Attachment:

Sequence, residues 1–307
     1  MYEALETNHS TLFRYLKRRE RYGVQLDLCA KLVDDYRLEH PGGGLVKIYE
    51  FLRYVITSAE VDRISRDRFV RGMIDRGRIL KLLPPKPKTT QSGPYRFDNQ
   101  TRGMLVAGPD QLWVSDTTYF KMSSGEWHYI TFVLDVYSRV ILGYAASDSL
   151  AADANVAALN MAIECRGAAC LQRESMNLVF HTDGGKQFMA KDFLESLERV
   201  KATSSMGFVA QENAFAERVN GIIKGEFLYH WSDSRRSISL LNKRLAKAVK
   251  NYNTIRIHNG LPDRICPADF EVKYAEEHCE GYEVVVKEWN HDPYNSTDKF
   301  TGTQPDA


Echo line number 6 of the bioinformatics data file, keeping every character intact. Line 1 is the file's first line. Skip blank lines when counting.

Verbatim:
   201  KATSSMGFVA QENAFAERVN GIIKGEFLYH WSDSRRSISL LNKRLAKAVK